Sidonia Serafini is a doctoral student and research assistant. Her research focuses on post-Reconstruction and early twentieth-century African American literature and print culture and multicultural women’s writing.
Sidonia's research focuses on Hampton Institute's organ, the Southern Workman, and the writings placed in this publication by figures across races, cultures, and nations. She focuses in particular on the early short fiction of writer and educator, Alice Dunbar-Nelson, with an emphasis on how these works articulate themes of exile, belonging, and cultural citizenship. Sidonia recently presented her analyses of the Workman and Dunbar-Nelson’s work at the October ALA symposium of the Society of the Study of the American Short Story and Penn State’s Celebrating African American Literature and Language Conference on Race and Resistance. Currently, Sidonia is collaborating with Prof. Barbara McCaskill and Rev. Paul Walker of Highgate Baptist Church in Birmingham, England, to construct an edition of the writings of the nineteenth-century activist, Rev. Peter Thomas Stanford. In 2016, Sidonia received a Certificate of Merit from the Institute for African American Studies in recognition of her scholarship on nineteenth-century black print productions.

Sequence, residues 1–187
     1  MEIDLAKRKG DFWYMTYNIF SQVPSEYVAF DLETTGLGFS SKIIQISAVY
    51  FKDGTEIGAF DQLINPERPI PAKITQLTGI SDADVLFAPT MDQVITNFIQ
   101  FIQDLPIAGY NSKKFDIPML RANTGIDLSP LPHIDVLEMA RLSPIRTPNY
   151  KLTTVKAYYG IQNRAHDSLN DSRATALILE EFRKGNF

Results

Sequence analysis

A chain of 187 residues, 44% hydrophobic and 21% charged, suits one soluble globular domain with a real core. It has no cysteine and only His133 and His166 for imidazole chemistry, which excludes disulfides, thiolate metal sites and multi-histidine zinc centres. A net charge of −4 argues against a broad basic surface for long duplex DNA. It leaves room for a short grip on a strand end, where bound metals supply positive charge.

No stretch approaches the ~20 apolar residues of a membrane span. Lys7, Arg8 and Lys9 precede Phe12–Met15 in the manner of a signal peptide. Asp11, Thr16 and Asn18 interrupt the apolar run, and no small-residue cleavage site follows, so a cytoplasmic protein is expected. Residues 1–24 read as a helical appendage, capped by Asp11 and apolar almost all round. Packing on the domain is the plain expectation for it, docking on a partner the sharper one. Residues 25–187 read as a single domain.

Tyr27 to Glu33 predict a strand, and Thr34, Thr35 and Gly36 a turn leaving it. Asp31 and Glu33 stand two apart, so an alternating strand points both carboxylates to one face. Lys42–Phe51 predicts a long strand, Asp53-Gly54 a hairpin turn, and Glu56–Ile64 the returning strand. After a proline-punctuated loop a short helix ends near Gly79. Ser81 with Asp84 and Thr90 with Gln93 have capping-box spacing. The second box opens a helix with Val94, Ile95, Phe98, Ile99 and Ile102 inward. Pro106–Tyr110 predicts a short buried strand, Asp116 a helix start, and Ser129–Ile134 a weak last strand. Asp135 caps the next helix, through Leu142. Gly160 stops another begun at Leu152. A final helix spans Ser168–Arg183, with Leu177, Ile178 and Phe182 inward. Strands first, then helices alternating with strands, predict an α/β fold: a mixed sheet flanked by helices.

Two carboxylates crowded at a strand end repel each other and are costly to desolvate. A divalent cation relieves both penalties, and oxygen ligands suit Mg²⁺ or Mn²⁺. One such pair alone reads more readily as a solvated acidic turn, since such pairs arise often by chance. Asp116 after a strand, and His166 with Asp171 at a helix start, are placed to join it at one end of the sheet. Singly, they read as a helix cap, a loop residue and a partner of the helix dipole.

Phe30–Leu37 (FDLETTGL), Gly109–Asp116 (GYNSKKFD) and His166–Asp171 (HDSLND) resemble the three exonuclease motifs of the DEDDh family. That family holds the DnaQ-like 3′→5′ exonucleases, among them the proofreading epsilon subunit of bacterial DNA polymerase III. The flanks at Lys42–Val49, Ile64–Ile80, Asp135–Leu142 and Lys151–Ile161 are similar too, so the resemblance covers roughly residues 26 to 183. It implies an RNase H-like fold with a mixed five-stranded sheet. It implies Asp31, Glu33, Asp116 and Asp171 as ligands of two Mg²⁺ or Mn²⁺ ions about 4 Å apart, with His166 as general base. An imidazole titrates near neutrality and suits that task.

In addition to academic activities, Sidonia's university leadership has included service as an MA Graduate Representative in the Department of English and as a mentor with the Pathway to Graduate School Program hosted by the Office of Graduate Recruitment & Diversity Initiatives. She is also a local school mentor for Clarke County's Mentor Program.
M.A. in English, University of Georgia, 2017
B.A. in English, Flagler College, 2014